Toddlers explore their burgeoning independence while they work on care of self and their environment. Classroom shelves are low and easily accessible with beautiful works that encourage exploration. They learn to dress themselves, help one another with zippers and coats, bus their dishes, tend to the classroom plants, and lovingly wash the baby doll. There is a steady hum of activity as busy hands get to work. Toddlers develop their cognitive skills while they focus for long periods and sit, wholly engaged, in whatever lesson they are receiving.
For infants, the setting is homelike with soft rugs, a rocking chair, books arrayed on low shelves, and toys in baskets. The space is organized and uncluttered. The infants explore the cylinder blocks, push toys, and manipulate objects. They begin to work on drinking from a cup—not a sippy cup, but a child-sized cup. Gross motor work includes bars for pulling up, mirrors to reflect body movement, a sleeping area with individual cribs, and child-sized tables and chairs rather than high chairs. It’s a beautiful world curated with them in mind.
Infant and toddler’s brain develop more quickly during their first three years than at any other time, and this incredible time in their lives sets the foundation for their absorbent mind and all future learning. Their minds absorb! The children watch and grow. They form strong relationships with their teachers and the other children, and learn to love their community.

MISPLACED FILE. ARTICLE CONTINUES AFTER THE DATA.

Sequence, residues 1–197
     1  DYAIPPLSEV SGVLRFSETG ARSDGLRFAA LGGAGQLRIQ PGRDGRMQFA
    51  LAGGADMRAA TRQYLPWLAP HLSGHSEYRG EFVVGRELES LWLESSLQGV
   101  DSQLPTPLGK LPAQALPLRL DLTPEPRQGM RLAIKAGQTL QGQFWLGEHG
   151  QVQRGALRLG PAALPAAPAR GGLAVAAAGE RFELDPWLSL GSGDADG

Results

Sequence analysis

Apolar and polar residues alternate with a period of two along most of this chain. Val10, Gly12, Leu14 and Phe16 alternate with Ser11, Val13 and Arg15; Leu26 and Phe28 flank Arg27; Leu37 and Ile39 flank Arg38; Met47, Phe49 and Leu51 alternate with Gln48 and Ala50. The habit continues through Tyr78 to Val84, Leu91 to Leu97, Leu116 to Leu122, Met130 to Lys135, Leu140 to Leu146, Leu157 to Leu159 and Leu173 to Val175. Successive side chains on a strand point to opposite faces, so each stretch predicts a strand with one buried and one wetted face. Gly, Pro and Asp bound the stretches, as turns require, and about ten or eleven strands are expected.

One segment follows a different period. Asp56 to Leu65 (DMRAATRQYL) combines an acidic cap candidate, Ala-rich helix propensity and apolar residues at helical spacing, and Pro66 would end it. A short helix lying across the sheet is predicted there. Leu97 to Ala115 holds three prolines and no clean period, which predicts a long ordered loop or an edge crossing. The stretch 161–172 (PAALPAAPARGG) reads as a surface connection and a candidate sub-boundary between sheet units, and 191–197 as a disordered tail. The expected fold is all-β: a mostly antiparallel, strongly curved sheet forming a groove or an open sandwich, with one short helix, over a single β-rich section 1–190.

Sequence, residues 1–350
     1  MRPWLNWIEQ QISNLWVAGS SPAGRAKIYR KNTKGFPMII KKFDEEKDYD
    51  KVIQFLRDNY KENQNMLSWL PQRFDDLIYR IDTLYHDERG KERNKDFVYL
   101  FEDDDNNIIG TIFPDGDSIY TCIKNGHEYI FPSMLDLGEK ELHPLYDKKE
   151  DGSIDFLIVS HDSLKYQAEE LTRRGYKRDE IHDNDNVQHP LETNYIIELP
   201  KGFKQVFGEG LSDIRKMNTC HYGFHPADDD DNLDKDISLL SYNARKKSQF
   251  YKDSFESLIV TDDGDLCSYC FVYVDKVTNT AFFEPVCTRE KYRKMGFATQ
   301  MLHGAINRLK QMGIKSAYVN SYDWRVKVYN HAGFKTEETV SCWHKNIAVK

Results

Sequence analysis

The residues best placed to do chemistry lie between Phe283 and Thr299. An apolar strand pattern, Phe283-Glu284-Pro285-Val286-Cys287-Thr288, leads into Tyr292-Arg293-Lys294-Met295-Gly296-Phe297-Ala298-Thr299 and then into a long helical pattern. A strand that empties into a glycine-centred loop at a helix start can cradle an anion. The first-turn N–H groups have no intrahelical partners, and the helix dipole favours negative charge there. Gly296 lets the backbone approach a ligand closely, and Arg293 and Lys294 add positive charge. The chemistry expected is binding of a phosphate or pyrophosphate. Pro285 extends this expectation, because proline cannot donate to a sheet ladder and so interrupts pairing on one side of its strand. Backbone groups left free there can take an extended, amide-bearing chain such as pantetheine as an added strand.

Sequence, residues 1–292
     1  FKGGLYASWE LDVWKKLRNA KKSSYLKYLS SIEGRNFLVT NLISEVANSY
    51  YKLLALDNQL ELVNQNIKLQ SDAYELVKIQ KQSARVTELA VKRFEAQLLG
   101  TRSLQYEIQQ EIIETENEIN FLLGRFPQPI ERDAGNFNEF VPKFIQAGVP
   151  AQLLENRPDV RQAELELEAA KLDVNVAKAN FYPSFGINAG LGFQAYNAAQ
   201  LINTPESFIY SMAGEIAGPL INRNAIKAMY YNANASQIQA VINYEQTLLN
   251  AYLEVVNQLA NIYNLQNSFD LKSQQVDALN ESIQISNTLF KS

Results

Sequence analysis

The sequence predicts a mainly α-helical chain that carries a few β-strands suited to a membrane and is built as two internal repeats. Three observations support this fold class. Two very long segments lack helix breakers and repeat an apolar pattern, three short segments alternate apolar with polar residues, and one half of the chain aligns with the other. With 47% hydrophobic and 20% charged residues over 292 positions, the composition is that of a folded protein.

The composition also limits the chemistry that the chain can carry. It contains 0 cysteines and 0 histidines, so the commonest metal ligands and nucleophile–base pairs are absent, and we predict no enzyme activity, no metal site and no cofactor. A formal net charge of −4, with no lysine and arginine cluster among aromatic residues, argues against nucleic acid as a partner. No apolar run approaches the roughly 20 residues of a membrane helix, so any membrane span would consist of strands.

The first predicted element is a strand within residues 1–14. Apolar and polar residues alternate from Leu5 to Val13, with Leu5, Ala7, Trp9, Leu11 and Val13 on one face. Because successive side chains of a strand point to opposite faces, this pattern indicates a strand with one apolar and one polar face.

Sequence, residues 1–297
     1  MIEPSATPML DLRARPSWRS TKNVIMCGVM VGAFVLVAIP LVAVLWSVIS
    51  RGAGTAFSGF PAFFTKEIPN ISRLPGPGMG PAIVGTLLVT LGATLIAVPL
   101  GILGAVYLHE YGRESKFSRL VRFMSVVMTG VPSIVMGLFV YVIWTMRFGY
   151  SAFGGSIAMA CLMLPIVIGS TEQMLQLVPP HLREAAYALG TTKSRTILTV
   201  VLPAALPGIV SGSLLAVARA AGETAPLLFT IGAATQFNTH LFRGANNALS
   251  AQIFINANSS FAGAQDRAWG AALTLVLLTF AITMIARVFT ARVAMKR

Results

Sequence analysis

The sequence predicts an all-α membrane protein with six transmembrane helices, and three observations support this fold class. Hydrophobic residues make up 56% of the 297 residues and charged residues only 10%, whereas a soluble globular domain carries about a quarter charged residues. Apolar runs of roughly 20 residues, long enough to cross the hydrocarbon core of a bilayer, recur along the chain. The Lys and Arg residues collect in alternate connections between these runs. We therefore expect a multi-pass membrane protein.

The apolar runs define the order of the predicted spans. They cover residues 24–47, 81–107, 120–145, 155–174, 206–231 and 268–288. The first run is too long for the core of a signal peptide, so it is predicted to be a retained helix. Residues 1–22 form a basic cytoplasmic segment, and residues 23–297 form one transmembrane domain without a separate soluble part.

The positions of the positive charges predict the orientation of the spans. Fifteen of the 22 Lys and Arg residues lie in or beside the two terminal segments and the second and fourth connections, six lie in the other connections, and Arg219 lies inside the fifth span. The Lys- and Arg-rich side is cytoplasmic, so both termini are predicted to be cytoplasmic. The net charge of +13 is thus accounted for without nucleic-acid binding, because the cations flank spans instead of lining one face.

Part of my time spent at Alcuin is checking in the infant and toddler children every day. I do their health screenings and walk them into their classrooms. It is my favorite part of the morning. Vair waves goodbye to his father as he rushes to class to take off his outside shoes all by himself. Cleo insists on carrying the heavy snack bags, even though it is quite the feat. Zel, who is still somewhat new, strides in—her confidence growing more and more each day. Oh, to have the amount of self-trust, enthusiasm, and strength our infants and toddlers display—the smallest of role models; small but mighty. We could learn a lot from them.
Director of Admissions and Advancement
To learn more about our infant and toddler program, please contact Alex at firstname.lastname@example.org.
In 1961, Alcuin Montessori School was founded by six local Oak Park families looking for a different way of educating their children. The group was driven, innovative, curious, and without fail stopped at nothing to provide a level of Montessori education and excellence like no other. They did not let setbacks get in their way, nor did they take no for an answer. They did not follow what all other educational systems were doing, and they created a plan based on what they knew was best for the children and then set out to put the plan in place. Our founders insisted on the absolute best teaching staff, an incredibly beautiful and meticulously designed classroom, and an exceptional curriculum to meet the needs of all their children’s individual learning styles.